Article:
Composite fields were added in Microsoft Dynamics CRM 2013 to capture data as a group rather than through multiple disconnected fields. For example, in previous versions of Microsoft Dynamics CRM individual components of an address would need to be captured as separate fields. In Microsoft Dynamics CRM 2013, composite fields are presented as a single field that is then broken down into the individual components that make up that field’s value.
Although composite fields do simplify the user experience and reduce form clutter, they do not have many customization options. This can become a problem if you need to support multiple languages. When localizing normal field labels, you would simply export the translation files, add a localized label for each of the languages you need to support, and re-import the translations. With the composite address fields, this is not the case.
In the exported translation file, you may notice translations for fields that appear to be for the composite address field’s individual components.
Updating these values will not update the labels shown in the composite address field’s pop-out form. Behind the scenes the values the user enters into a composite field’s components are copied to their own fields; the localized labels you are seeing in the translation file are the localized labels displayed on the form for those individual fields. For example, no matter what changes you make in the translations file, these values will always be shown for users viewing the composite field in Spanish:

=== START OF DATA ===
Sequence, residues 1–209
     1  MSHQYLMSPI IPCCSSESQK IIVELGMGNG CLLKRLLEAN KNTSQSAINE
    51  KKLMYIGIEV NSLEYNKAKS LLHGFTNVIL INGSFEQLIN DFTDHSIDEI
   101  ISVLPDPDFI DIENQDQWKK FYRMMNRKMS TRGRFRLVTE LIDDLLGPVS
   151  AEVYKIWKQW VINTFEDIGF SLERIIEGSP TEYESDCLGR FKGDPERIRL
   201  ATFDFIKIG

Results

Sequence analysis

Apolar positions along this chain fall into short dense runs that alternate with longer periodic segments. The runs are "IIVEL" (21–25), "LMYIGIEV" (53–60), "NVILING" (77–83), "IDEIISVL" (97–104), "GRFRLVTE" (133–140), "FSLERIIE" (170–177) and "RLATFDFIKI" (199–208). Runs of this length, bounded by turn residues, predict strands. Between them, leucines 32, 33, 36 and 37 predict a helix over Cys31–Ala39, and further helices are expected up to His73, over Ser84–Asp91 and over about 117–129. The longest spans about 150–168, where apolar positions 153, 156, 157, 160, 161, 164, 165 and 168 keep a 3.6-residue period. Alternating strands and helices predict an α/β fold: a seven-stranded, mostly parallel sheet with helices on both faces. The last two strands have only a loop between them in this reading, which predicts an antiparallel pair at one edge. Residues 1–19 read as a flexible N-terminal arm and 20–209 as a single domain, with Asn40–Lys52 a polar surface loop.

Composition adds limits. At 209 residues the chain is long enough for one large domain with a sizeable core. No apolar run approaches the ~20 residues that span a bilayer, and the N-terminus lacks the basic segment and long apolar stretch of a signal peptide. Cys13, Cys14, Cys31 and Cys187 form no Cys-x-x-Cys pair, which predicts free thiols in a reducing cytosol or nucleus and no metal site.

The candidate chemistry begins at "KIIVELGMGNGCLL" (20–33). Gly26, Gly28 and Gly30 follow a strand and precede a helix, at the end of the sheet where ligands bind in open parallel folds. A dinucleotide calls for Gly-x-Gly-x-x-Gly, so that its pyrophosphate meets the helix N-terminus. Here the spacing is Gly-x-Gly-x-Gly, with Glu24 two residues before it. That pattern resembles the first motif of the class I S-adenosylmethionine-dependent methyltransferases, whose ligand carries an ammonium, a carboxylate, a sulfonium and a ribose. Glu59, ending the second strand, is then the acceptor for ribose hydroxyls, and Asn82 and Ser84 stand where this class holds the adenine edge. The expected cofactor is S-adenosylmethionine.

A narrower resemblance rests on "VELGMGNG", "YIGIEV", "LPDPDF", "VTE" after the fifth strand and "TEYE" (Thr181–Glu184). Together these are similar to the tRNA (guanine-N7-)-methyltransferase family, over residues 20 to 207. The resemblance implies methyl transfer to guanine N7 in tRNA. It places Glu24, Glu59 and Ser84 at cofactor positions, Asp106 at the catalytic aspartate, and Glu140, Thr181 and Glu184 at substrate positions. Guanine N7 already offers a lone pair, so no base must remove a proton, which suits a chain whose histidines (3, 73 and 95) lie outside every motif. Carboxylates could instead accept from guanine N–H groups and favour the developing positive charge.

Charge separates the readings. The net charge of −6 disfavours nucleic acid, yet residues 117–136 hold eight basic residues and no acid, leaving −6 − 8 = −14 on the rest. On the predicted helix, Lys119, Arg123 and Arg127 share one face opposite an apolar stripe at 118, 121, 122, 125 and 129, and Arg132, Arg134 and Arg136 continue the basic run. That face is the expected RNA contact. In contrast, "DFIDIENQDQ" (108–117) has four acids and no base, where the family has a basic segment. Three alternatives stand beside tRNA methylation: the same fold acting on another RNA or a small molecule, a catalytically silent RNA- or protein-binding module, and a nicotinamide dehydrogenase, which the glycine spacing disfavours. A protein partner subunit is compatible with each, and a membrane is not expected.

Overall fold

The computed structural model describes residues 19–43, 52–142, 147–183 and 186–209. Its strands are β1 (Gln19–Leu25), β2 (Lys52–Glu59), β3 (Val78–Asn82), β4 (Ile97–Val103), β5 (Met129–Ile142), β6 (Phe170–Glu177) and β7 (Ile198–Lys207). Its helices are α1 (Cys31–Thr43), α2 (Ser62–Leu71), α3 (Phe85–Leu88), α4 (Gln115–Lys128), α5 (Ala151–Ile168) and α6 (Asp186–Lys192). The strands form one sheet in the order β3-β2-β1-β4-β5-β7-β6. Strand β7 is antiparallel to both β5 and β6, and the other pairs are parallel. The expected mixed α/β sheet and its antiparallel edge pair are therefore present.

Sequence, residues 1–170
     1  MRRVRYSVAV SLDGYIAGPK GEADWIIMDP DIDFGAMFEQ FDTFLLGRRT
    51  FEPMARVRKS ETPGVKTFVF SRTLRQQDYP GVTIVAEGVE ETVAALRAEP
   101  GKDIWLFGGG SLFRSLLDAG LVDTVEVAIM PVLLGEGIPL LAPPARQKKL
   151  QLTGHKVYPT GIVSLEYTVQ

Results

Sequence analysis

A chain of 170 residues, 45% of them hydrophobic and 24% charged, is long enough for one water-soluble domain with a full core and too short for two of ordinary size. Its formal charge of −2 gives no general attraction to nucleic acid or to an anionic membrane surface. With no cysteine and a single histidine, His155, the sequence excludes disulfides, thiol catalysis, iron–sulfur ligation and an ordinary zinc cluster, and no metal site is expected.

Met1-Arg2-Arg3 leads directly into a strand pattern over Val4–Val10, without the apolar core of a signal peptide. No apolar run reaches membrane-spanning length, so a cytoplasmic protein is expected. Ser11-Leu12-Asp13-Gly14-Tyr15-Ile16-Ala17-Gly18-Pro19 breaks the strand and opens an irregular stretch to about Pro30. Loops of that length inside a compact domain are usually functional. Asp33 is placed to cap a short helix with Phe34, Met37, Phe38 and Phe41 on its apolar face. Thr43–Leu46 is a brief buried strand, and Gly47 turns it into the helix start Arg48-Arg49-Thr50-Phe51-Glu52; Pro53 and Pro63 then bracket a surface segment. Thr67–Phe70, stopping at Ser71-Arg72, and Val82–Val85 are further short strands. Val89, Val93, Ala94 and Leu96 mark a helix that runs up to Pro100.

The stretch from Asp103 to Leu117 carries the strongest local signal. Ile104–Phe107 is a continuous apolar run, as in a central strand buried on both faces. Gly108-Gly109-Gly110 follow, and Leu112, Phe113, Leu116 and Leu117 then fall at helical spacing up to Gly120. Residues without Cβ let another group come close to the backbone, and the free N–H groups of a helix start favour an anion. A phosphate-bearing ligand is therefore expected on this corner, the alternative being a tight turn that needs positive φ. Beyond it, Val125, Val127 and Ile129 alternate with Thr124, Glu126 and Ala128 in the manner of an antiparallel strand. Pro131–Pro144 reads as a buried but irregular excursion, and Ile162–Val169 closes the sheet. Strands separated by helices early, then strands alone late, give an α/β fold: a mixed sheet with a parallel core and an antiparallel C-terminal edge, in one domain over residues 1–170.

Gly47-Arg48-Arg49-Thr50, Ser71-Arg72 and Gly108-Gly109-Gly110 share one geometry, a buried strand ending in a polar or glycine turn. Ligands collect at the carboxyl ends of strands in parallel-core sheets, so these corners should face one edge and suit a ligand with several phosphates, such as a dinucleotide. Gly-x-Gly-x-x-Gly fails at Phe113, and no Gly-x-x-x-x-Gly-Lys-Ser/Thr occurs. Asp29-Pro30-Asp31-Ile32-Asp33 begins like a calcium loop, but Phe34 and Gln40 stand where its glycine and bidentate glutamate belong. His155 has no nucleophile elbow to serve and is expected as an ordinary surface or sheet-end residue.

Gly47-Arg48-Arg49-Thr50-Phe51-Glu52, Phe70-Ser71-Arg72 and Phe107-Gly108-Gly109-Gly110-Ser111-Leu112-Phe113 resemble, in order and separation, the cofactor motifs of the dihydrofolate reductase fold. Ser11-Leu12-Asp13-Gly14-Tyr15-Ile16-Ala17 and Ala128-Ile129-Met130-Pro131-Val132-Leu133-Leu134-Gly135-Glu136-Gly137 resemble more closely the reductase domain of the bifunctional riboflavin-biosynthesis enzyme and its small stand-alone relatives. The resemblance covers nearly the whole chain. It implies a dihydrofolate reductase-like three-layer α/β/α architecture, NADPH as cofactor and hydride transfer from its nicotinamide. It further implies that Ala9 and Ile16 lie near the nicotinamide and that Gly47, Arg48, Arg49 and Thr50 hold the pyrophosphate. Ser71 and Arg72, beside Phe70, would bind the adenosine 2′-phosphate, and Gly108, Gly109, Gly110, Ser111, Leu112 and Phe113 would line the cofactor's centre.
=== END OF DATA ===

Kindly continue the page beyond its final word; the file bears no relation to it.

If you need to show different labels for these fields, you will have to use the fields associated with the individual components of the composite address field, such as “Address 1: Street 1” and “Address 1: City,” rather than the composite address field “Address 1.”
The user’s language code can be obtained using the following front-end API call:
With the user’s LCID, you can show and hide each section with the front-end API:
With this logic running on form load, the composite address field will be shown when the user’s language is set to English which will use the un-editable translations packaged with CRM and the individual address fields will be shown when the user’s language is set to Spanish which will use the editable localized labels from the translations file.
Although this solution does not directly fix the problem that the localized labels for the composite address fields are not customizable, it does allow you to provide your customers with the translations they need while also allowing as many users as possible to benefit from composite fields.